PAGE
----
Today I want to have a chat about novels and novellas.
I have talked about these two before, but today I want to talk about them a little differently, from a far more personal standpoint. One of my current WIP (work in progress) is The Man in Winter, it tells the story of Arthur, who lost his wife Molly when a break-in went wrong. After the man responsible is found and jailed everyone rebuilds their lives. But after moving into a retirement community, Art sees Molly again, and she’s got a lot to tell him about what happened that night and why justice still needs to be done. But who’s going to believe an elderly man with a diagnosis of dementia?
Originally, when this idea came to me, it came to me as a novella. I wrote the first draft over a few months and let it flow naturally, with only a loose plan of what I wanted to do. This style of writing is unlike me. I plan my stories to death before putting the first word to paper, but Art and his story walked into my head in perfect technicolour, requiring very little planning on my part. Then, as Art’s story wound to a close, the key thing I noticed about it was that it was short. Between 30k–40k words.
Regardless, after a few re-drafts and a lot of editing, I sent it out to readers and waited for feedback, which came back quickly (probably because it was so short lol). It was all helpful and (delightfully so) all positive. The story worked. Everyone felt for my boy Art and his Molly.
I sent the story to a professional editor and the feedback, while still reasonably positive, was critical of the length. Novellas are hard to sell, there is not as much of a market for them, and with a little work, this could be a great novel. The feedback was appreciated and I know it was true. The market for Novellas is not as prominent as the market for novels.
So, with that in mind, I turned Art’s short and rather brutal story into something longer. I turned it into a novel.
Doing so killed the story.
Killed it dead.
I knew it while I was writing it. The writing process was like pulling teeth, so different from before. But I pushed on, painful chapter after painful chapter. I introduced new characters, expanded Art’s world and gave him more to fight against (poor Art). I did everything that you are supposed to do, and I hated it. I tried so hard but all lengthening the story did was water down the original concept and fill the pages with… well, filler.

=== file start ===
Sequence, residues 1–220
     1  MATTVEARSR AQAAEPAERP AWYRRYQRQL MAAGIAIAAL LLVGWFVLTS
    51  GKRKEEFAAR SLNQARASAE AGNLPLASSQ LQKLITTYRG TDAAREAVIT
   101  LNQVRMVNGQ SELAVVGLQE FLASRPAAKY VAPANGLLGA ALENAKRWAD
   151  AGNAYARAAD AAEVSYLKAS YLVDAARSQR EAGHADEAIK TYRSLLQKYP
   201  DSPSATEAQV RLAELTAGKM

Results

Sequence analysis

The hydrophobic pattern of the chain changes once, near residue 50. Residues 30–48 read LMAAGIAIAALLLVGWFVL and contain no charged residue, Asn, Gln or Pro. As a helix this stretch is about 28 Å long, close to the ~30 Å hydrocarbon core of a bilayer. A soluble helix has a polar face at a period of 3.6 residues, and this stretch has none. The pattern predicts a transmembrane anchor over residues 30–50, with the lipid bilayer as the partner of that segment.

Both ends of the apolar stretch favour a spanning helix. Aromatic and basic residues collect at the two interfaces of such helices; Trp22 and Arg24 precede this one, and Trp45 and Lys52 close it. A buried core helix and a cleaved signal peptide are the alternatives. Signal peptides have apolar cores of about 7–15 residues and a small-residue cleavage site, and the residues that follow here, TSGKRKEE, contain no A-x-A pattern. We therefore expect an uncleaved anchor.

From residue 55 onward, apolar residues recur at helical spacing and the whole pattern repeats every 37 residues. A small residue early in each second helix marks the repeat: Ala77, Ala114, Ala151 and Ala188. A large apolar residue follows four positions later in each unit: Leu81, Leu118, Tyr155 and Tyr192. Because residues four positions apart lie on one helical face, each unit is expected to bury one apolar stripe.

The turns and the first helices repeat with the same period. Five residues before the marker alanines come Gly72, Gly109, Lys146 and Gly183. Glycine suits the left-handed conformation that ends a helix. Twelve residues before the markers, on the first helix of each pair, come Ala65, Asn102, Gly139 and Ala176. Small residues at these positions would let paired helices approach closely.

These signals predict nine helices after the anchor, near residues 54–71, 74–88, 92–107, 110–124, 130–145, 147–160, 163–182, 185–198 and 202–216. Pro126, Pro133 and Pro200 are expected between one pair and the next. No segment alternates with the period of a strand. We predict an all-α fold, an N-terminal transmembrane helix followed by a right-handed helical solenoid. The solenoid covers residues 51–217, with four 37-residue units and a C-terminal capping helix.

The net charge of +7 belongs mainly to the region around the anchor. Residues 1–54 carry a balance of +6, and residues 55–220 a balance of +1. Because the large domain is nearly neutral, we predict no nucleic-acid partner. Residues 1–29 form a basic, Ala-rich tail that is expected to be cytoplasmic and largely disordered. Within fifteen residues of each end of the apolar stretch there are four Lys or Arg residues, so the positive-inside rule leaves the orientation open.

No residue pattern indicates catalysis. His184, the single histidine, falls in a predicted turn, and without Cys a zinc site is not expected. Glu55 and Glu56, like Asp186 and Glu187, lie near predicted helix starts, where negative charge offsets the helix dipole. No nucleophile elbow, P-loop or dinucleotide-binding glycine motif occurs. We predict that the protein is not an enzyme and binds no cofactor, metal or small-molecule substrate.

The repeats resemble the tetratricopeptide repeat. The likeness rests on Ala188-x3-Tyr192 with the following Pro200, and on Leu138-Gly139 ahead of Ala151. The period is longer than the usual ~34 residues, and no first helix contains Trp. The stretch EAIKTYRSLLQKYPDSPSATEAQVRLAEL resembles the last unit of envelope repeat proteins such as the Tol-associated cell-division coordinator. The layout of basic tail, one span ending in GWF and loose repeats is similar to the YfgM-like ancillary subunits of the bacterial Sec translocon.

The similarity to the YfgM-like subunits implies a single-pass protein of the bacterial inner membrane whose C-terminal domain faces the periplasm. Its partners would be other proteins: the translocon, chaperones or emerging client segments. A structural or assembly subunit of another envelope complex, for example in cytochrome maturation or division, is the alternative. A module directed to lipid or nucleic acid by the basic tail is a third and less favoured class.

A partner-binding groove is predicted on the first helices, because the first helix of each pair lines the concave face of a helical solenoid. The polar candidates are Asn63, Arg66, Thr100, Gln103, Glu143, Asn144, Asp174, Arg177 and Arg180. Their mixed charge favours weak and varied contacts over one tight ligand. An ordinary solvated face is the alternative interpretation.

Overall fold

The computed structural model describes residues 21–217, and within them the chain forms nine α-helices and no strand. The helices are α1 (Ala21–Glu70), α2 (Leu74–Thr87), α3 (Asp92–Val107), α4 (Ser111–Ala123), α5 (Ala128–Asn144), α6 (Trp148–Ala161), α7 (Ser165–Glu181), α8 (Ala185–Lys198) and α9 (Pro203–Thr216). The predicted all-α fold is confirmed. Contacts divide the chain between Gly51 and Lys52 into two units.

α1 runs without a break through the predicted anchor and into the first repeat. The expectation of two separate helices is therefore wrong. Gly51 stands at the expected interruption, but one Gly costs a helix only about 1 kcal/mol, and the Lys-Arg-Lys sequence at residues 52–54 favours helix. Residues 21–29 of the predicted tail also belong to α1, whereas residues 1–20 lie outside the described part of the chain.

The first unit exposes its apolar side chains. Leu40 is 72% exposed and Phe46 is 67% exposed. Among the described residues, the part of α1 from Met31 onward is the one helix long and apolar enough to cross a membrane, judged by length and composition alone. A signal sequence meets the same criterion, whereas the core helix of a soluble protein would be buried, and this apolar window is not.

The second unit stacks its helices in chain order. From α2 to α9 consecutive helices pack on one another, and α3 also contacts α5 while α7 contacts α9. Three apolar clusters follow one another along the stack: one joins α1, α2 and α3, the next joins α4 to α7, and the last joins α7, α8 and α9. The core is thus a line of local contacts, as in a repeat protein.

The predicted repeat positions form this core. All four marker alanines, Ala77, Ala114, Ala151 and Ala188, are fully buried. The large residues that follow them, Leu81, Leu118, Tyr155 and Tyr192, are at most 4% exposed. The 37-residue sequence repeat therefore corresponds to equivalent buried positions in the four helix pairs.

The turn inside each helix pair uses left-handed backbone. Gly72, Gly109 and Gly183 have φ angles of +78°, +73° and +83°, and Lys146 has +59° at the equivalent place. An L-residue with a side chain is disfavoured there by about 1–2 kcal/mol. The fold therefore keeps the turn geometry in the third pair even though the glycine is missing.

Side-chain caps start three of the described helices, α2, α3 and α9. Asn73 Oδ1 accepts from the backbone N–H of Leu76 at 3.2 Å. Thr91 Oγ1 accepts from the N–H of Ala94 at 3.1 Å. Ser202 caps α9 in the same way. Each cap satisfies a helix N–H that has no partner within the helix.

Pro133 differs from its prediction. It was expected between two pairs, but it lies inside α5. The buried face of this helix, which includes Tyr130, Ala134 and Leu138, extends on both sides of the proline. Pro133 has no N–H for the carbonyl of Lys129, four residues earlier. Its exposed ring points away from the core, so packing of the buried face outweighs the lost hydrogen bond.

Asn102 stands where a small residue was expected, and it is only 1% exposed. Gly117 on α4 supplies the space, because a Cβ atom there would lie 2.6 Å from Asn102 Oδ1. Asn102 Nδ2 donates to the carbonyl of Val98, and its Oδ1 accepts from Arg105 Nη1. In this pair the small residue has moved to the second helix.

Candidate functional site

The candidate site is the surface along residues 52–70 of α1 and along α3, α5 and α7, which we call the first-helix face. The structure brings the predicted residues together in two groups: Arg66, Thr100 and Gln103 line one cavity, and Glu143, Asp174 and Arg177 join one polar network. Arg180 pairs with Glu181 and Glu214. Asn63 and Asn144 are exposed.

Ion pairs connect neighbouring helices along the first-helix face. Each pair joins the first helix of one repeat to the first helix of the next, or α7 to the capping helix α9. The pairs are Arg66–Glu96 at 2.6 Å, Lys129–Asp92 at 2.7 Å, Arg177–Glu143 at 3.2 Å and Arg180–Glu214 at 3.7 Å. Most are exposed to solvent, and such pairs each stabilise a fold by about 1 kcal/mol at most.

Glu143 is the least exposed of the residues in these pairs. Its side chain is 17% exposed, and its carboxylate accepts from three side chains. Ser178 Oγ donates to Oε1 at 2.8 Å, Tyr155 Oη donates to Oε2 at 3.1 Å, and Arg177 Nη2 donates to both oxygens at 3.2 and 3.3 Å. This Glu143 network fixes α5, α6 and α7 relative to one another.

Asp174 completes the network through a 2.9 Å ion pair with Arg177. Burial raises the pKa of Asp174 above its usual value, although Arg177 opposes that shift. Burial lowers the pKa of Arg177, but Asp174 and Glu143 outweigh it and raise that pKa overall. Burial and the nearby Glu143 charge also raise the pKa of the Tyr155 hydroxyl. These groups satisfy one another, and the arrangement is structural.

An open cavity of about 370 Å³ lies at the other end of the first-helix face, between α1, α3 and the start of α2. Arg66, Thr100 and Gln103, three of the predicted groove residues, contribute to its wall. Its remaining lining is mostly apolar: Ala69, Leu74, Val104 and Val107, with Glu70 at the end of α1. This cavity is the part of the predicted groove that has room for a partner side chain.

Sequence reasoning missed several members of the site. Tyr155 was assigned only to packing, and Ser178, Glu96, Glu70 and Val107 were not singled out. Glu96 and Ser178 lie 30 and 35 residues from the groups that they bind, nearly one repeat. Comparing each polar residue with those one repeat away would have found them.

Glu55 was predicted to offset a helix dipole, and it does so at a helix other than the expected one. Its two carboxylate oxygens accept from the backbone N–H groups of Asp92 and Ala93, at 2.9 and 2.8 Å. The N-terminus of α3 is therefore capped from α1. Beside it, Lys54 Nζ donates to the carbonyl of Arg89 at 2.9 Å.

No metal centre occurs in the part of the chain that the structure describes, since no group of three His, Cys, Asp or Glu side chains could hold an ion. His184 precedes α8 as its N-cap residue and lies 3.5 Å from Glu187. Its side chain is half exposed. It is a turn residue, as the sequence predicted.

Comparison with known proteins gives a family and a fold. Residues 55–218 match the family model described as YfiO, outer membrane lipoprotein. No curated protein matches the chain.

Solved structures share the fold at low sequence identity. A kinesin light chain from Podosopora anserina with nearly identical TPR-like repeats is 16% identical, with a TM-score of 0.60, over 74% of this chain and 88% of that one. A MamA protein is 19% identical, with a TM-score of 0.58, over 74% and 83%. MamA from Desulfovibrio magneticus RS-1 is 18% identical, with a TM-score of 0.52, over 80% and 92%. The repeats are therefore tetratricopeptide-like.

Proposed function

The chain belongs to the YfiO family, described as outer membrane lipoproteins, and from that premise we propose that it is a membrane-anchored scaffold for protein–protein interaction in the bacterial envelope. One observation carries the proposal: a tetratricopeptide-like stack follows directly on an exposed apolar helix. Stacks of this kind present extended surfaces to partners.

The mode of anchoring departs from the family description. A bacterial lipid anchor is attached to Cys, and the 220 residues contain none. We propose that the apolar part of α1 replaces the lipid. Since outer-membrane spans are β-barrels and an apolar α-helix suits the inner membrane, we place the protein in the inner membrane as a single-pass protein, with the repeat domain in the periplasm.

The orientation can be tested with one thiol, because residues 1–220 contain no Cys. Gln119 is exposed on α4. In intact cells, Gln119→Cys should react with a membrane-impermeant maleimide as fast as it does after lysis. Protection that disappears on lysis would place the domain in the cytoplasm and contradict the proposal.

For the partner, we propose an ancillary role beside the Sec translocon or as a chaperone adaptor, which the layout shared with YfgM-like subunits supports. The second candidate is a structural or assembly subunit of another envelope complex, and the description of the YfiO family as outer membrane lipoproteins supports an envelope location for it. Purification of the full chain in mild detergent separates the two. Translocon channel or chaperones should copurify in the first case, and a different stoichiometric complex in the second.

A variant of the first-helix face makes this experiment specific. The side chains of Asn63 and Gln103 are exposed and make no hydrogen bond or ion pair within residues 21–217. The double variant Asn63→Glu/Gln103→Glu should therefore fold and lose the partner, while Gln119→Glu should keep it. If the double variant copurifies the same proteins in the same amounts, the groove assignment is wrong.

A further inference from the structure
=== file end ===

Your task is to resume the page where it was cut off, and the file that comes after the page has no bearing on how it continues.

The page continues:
But I persevered as I figured I was probably being precious. I kept at it, through the rewrites and the subsequent editing, and after two years of work I had something I felt was well enough put together to send out to a small portion of my reading group.
Like last time, the feedback came back quickly and again the verdict was unanimous.
They hated it.
Thankfully, my readers are lovely people and didn’t put it so harshly. But they all had the same problem. They loved the concept, but the story had become watered down, boring, and it didn’t fit with the earlier version they had loved. It just wasn’t as good.
With that in mind, I put Art and Molly away and picked up another WIP. I figured clearing my head would help, as it often does. After two months working on something different, I came back to look at Art. I spent a week reading and re-reading the story, the feedback from my editor and the feedback from the reading group.
Then I came to a decision.
You cannot turn a circle into a square.
Art’s story is a novella, and I had to turn him back into a novella.
Now, not everything about the novel was bad, I liked parts of it, so I didn’t want to revert to the original novella completely. I wanted to keep elements from the novel, maybe replace bits of the original novella with these novel bits.
It took a long week with lots of papers, several versions of the story open at once across several monitors, but the hard work has paid off. I’ve managed to Frankenstein Art back into a novella. Sort of. He’s still got a lot of stitching needed (lol horror joke) but for the first time in years I am feeling positive about this story again and holy crap that feels amazing.
The point I wanted to make in this ramble is that yes novellas are not as easy to market as novels, there are disadvantages to telling stories through these means, and sometimes those disadvantages outweigh the story.
But not always.
Every story has its way of being told, single novels, series, audio story, short story, or novella they are all valid ways of storytelling and they all work for different stories.